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Gates were welded shut on border wall across San Pedro River; feds fix the problem
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Gates were welded shut on border wall across San Pedro River; feds fix the problem

Federal officials rectified an oversight in border wall construction Tuesday after a sharp-eyed wildlife advocate noticed the gates in the wall across the San Pedro River were welded shut.

“Alarm bells went off” when Myles Traphagen, borderlands program coordinator for the Wildlands Network, saw the gates welded shut Friday, as opening them during a heavy rain would thus be a “daunting task.”

He posted photos online, and the Arizona Daily Star asked the Army Corps of Engineers, which oversees wall construction, about the welding Monday. By Tuesday morning, a construction worker was removing the silver-dollar-sized pieces of metal, known as “tack welds,” that kept the gates from opening.

Typically, tack welds are done during construction to keep gates from swinging freely open, said Jay Field, a spokesman for the Army Corps. The welds are undone when installation is complete and the project is inspected.

“Since construction was paused before inspections could be accomplished some of the tack welds remained,” Field said.

The removal of the tack welds was to be finished Tuesday, Field said, although some will remain on gates that have not been completely installed yet.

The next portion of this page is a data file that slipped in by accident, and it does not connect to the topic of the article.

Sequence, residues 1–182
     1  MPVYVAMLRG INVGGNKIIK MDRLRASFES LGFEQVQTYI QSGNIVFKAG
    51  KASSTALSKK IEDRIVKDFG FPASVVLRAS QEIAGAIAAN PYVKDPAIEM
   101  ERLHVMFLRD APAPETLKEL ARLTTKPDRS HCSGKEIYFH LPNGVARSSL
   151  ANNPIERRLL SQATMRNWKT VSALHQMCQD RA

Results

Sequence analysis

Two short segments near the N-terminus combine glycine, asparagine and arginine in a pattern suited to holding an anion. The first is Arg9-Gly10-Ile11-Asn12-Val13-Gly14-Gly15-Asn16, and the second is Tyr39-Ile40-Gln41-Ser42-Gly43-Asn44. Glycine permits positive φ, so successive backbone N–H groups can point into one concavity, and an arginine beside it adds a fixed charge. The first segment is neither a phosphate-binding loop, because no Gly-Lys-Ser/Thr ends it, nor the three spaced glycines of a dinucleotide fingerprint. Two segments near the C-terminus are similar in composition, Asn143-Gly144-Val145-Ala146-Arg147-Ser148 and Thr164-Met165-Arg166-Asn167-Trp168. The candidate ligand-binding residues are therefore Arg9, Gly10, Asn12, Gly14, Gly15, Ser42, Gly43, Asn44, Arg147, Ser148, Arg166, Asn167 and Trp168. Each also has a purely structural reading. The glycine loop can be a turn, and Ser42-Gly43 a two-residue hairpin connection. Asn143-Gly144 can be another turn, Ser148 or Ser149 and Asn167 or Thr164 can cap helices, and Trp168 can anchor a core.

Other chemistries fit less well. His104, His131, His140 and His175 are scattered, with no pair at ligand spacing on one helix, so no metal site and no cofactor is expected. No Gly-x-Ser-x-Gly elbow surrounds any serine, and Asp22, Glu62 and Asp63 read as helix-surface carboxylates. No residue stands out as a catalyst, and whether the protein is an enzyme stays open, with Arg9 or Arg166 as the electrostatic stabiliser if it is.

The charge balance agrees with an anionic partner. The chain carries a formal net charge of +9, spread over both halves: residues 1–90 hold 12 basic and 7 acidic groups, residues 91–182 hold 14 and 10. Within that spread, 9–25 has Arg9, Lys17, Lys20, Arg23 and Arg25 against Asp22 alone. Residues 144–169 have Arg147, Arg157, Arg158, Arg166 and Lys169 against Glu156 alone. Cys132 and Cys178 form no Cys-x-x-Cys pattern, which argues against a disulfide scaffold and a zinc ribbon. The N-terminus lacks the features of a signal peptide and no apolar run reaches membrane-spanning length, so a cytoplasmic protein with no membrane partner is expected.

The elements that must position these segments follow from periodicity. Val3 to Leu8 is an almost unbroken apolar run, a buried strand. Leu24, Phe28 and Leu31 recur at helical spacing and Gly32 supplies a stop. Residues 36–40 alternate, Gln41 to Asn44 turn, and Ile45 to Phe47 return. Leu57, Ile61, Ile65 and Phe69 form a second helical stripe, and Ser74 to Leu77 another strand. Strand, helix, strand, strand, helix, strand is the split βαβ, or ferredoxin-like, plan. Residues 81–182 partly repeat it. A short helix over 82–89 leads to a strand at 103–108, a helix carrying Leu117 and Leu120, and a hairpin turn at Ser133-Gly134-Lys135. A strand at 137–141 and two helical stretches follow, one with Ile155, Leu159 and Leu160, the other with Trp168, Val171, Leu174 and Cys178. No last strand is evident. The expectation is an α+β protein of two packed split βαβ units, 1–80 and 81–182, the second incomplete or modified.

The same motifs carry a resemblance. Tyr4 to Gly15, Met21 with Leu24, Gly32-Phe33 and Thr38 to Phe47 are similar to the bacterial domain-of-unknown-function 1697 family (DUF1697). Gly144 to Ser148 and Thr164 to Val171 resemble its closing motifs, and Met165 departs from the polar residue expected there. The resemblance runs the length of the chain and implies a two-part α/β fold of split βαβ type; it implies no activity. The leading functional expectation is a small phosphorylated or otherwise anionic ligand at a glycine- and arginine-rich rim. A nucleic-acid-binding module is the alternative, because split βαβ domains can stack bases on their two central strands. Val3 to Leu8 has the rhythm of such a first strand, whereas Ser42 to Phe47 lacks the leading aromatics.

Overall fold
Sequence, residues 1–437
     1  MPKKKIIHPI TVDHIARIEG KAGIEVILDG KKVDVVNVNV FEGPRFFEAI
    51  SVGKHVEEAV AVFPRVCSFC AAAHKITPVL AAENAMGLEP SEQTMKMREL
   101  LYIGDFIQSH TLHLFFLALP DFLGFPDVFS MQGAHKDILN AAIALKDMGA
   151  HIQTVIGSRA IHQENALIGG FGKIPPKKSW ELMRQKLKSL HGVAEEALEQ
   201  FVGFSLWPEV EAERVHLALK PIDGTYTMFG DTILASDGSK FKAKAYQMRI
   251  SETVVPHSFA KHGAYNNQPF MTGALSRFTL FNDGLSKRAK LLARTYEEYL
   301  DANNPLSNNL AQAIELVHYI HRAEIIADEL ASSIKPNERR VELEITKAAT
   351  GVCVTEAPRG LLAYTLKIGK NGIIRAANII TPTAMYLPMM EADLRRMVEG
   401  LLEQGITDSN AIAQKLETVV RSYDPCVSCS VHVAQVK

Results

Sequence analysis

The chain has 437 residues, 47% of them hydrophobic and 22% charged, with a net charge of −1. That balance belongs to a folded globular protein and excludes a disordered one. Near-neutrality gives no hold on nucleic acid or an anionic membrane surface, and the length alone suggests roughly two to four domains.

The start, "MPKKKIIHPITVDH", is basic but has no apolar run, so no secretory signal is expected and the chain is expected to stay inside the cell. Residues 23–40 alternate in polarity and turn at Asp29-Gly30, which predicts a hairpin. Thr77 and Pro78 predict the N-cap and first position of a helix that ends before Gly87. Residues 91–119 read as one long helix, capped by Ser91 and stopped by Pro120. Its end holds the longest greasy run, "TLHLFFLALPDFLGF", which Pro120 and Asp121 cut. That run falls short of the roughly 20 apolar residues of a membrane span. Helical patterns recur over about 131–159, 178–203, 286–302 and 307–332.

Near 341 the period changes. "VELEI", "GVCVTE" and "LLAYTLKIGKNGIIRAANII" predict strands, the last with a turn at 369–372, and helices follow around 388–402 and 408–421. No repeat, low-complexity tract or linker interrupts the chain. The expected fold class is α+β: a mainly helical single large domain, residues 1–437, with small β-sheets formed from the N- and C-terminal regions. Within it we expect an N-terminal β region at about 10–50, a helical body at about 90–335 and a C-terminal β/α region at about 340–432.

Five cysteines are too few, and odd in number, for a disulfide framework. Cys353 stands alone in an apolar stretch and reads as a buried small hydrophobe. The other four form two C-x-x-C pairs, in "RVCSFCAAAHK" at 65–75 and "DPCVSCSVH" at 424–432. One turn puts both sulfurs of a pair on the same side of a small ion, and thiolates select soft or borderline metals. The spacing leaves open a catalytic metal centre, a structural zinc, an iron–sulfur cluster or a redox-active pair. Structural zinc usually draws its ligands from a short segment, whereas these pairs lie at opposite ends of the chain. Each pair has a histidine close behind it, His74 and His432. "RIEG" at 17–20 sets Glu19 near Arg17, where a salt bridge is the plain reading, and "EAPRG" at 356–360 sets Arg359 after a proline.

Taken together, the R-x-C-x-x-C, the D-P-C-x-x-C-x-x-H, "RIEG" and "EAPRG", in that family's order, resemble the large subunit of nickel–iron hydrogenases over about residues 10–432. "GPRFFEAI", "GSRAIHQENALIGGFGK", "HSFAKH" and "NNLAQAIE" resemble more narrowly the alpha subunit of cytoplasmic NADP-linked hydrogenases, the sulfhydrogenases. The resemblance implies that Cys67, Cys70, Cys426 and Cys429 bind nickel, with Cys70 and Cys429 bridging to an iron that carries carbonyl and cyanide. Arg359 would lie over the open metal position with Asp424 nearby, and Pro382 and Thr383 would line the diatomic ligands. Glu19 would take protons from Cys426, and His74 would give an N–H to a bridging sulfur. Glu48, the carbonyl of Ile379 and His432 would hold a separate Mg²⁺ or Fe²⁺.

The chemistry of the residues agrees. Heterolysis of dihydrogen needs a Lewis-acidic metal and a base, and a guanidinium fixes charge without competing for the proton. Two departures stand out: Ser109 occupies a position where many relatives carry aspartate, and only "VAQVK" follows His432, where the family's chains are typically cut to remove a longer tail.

President Biden ordered a pause in border wall construction on Jan. 20. As a candidate, he said his administration would not build another foot of wall. While construction is paused, officials are conducting a 60-day evaluation of the wall projects.

The gates on the wall across the San Pedro River are designed to allow water to flow under the wall, which is made of 30-foot-tall steel bollards filled with concrete. The bollards are 6 inches wide and separated from each other by 4 inches of space to allow Border Patrol agents to see activity in Mexico.

Without the gates, debris such as trees and boulders could be swept against the wall, building up pressure until the bollards collapse and send a rush of water and debris down the river. Sections of shorter bollard fencing were toppled over by debris buildup near Lukeville and Nogales in the past decade.

Water levels in the San Pedro River have reached 17 feet in recent years during monsoon storms, according to a U.S. Geological Survey gauge about 5 miles north of where the river flows north across the border.

A few inches of water flowed through the river bed on Tuesday as a construction worker moved from gate to gate, grinding off the welding. He started on the eastern bank and continued into the center of the roughly 500-foot-wide river bed.

This section of border wall is being built by Southwest Valley Constructors, a New Mexico-based affiliate of construction giant Kiewit. The contractor was awarded $2.2 billion to build 88 miles of border wall in Arizona.

Customs and Border Protection officials did not respond to an inquiry from the Star. Last fall, they told a meeting of wildlife advocates, local residents and representatives from congressional offices that the plan was to keep the gates open on the San Pedro River during monsoon season. A Border Patrol agent would open the gates when heavy rains came during other times of the year.

The fact that “such a simple thing” was overlooked, led Traphagen to ask: “Who’s minding the store?”

Said Field: “When alerted, our guys went out and took care of it.”

Contact reporter Curt Prendergast at 573-4224 or cprendergast@tucson.com or on Twitter @CurtTucsonStar.

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